Endometrial carcinoma, or uterine adenocarcinoma, is a cancer that begins in the uterine lining, or endometrium. The exact cause of uterine cancer is unknown; increased estrogen levels, however, appear to be a risk factor. Estrogen generally spurs the buildup of the lining of the uterus, which causes it to thicken. Endometrial thickening may be a risk factor in the development of endometrial carcinoma. Most cases of endometrial carcinoma occur between 60 and 70 years of age.
Cancer of the endometrium may be related to risk factors such as diabetes, estrogen replacement therapy, never being pregnant, and late menopause. Having colon or breast cancer also may increase the risk of uterine cancer. High levels of estrogen that are found in meat may result in excessive uterine thickening and subsequent uterine cancer.
Symptoms of endometrial carcinoma generally include abnormal vaginal or uterine bleeding, long and heavy episodes of vaginal bleeding that occur after the age of 40, abdominal pain or cramping, and vaginal discharge that is clear or thin and white. These symptoms also can be symptomatic of other, less serious medical conditions. This includes conditions such as a vaginal infection, local irritation, or allergic reactions.
Diagnostic tests for endometrial carcinoma may include a pelvic examination where the physician can check for abnormalities in the shape, size, or feel of the uterus; an endometrial biopsy where a sample of the endometrial tissue is analyzed for malignant cells; and a pap smear. If endometrial carcinoma is detected, further medical evaluation and testing may be performed to determine the extent of the disease, and whether the cancer has metastasized or spread to other body parts. This is referred to as staging.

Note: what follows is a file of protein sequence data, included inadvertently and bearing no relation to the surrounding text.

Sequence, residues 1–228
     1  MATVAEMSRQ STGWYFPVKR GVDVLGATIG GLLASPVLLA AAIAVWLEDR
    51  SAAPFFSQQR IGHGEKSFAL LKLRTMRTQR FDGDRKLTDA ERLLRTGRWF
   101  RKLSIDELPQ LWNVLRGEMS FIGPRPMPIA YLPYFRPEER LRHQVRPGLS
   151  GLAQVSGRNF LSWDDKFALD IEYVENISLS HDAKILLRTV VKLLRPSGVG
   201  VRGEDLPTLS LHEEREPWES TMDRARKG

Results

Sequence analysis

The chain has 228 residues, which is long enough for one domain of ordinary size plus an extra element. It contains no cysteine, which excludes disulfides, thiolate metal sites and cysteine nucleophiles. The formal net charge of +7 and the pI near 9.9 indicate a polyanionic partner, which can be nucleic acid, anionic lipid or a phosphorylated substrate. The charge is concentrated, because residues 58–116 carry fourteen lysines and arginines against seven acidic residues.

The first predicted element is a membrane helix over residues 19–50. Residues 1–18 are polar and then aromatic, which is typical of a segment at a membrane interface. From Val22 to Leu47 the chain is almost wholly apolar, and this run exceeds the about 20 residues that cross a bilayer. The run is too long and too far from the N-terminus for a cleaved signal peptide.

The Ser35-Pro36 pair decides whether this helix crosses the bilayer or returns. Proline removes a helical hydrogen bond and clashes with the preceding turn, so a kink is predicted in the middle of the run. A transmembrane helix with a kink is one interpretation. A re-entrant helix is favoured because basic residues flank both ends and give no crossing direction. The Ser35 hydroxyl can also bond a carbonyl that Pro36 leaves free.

Stages of endometrial carcinoma refer to the extent of the disease, ranging from the cancer being confined to the uterus, to the spreading of the malignancy to the abdomen, bowel, bladder, or other organs. Grades of endometrial cancer typically are used to identify aggressiveness. Grade 1 generally refers to the least aggressive, and grade 3 indicates the most aggressive.
Treatment for endometrial carcinoma may include a hysterectomy – which involves removing the uterus, fallopian tubes, and ovaries – radiation, and chemotherapy. Chemotherapy typically is used in cases of advanced or aggressive disease. Typically, an abdominal hysterectomy is preferred over a vaginal hysterectomy because it allows the surgeon to see inside the abdominal cavity and remove tissue for biopsy purposes.
Complications from treatments may include excessive blood loss during surgery, perforation of the uterus during an endometrial biopsy, and surgical infection. It also can include anemia, nausea, and vomiting related to chemotherapy. After surgery, the patient may experience symptoms related to menopause such as hot flashes, night sweats, and vaginal dryness as a result of ovary removal. If endometrial cancer is diagnosed when still in the early stages, the prognosis usually is favorable. Early stage endometrial cancer has not spread beyond the uterus, and therefore, distant organs and vital tissues are not affected by metastasis.